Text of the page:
11. Partake – The Christian Disciple maintains a Clear Conscience
Paul writing in 1 Timothy 1vv18-19 “Timothy, my son, I give you this instruction in keeping with the prophecies once made about you, so that by following them you may fight the good fight, holding on to faith and a good conscience. Some have rejected these and so have shipwrecked their faith.”
There you are! You are a Disciple of Jesus, repented of your sins and all set to live your life as a Christian disciple and yet… and yet, you still have this continual nagging feeling inside you that you are still guilty! What do you do? Paul writes here that in the quest for living as an authentic Christian Disciple, faith and a clear conscience are essential for victory in our spiritual battle. Faith according to Hebrews 10:38 is belief plus trust plus action. A clear conscience is freedom from guilt (Acts 24:16). Your conscience is the spiritual faculty, which is sensitive to right and wrong and with the help of the Holy Spirit, judges our attitudes and actions. By having a clear conscience, the Christian disciple pacifies guilt and has inner peace (1 John 3:19-21); makes right decisions (Proverbs 14:30); builds right relationships (Hebrews 5:13-14; 10:19,22) and helps give effective service (2 Timothy 1:3)
However, as we know, we have this persistent battle with sin and disobedience. Persistence in disobedience and refusal to heed the conscience leads to the conscience becoming cold, hard and silent according to Paul in 1 Timothy 4v1-2. So what leads to the conscience becoming seared?
- Escape. Attempting to overthrow God’s standards and hide from reality through substance abuse, sexual immorality and perversion etc.
- Compensation. Seeking to balance guilt with an over concern for social or religious activity.
- Preoccupation. There is feverish effort and activity and an inability to rest and relax the mind lest guilt causes further conviction and unrest.
- Self-deception. Here we have a rationalising and justifying behaviour. Unable to live with guilt, the person blames others. Often gives much attention to minor detail and neglects the weightier matters of honesty, judgment and righteousness.
That’s a seared conscience. Then there is a guilty conscience, which arises from a violation of the conscience. This therefore also affects our relationships with God and with other people.
Relationship to God
- To hide as Adam tried to do (Genesis 3:8-9)
- Lack of concern for circumstances and insensitivity towards God and a devaluation of Him (Romans 1:21-25)
Relationship to others
- Deceptive character or putting on masks/images (Romans 1:22-25)
- Shame, embarrassment, Hiding from others (Genesis 3:7)
- Defence mechanisms – Masks, Blame others (Genesis 3:10-12 ; Romans 1:21)
- Deceptive nature (Proverb 12:15; 1 Timothy 4:2)
Both of these relationships types finish with a hardened heart and depraved mind if left unchecked (Romans 1:23-32)
Common symptoms of guilt feelings include exemplary behaviour – docile and well behaved; physical discomfort – fatigue, stress etc. ; depression – difficulty facing life; defeatist attitudes; self-condemnation – heaping blame on others; self-punishment – denial of self to atone for guilt; expectation of disapproval; undue criticism of others – ascribing ones own faults to others; hostility – antagonistic towards others; compensation – easing conscience by good deeds.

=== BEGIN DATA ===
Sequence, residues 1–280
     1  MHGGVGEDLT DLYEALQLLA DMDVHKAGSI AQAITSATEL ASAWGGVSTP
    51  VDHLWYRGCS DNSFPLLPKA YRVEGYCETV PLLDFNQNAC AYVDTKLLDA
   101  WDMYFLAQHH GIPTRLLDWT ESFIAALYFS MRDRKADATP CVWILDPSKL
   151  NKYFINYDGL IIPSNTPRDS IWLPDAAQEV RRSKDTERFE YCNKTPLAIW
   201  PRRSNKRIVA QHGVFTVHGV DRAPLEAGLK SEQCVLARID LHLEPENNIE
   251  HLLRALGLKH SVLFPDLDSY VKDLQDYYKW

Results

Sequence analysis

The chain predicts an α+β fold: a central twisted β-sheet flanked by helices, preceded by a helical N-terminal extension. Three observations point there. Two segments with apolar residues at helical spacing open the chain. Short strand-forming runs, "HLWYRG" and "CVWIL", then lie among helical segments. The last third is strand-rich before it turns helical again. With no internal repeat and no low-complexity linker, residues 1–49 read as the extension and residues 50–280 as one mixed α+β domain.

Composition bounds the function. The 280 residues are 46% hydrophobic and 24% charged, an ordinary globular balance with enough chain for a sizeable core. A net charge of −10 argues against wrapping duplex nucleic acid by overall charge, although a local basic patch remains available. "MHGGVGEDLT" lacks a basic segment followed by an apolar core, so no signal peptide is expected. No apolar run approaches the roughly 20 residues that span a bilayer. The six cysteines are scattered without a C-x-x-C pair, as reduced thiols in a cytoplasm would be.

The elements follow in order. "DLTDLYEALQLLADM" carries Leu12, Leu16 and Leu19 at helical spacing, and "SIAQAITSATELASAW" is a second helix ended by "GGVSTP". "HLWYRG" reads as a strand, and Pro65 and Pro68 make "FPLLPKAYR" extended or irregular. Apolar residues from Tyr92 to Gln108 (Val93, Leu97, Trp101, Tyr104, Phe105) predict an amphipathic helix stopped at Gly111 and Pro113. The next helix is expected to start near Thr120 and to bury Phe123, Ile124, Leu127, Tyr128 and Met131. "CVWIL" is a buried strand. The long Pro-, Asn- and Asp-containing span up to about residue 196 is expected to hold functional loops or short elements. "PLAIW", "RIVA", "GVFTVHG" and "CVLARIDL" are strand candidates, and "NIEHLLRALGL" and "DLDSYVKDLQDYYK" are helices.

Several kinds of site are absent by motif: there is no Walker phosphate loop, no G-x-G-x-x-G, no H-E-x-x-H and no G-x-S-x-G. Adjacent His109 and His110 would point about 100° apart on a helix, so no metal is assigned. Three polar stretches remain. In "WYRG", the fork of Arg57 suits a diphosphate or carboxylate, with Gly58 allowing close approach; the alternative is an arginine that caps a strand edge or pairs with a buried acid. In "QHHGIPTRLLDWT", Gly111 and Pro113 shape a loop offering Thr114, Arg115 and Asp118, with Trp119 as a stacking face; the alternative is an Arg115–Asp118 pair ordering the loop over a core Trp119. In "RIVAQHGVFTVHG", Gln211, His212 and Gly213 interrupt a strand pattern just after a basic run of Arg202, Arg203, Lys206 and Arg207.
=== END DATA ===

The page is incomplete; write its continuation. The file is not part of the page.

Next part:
Opposed to the guilty conscience is a clear conscience. A clear conscience is the inner joy and peace of spirit, which results from having made all personal wrongs, right with those whom a person has offended. So what steps can you as a Christian disciple take in order to have a clear conscience.
The first thing is that you must confess your sin. It is a good thing to confess your sins to God the moment you realise you have sinned, coming to Him in penitence and praise. For when someone has sinned against God, the Apostle John says that the sin must be confessed (1 John 1:9). Similarly, when a person offends another, they must acknowledge the wrong to the person they offended and ask their forgiveness (Matthew 5:23-24). As a Christian disciple you must decide to clear up all offences at all costs. Satan will do everything in his power to hinder you from gaining a clear conscience. You must recognize that any rationalizations are an attempt by satan, the world or your old nature in order to keep you from a clear conscience, and therefore fracturing your relationship with your Lord and Master, Jesus Christ.
The next thing is to gain an attitude of contriteness. This requires an attitude of brokenness, fully accepting responsibility for your own thoughts, actions and attitudes. This needs to be unconditional, not demanding that others admit their guilt as a condition for us asking. It is one of the most difficult, yet rewarding, things we can do in life to genuinely say, “I was wrong, will you forgive me?” While this is a humbling experience, it is an essential step in gaining right fellowship with God and other people.
For more to think about please do read for your self (James 4:1-11). Ask yourself the following questions, writing them down if you can, and see how you respond or react to them. Why not share your answers with your spouse or a close friend, so you can pray over any issues together.
Are there things, which have happened in my past, which, every time I recall, I wish, had never happened?
Are there people I know who dislike me, and could it be because of some offence I have committed against them?
Are there those toward whom my life has failed to be an example of a Christian disciple?
Are there those in authority I have failed to respond correctly to?
As ever, if you have any comments to make on this, please do contact me at http://www.davegroberts.podbean.com. I would love to hear from you and if these are making any difference at all to your continual Christian discipleship! Thank you.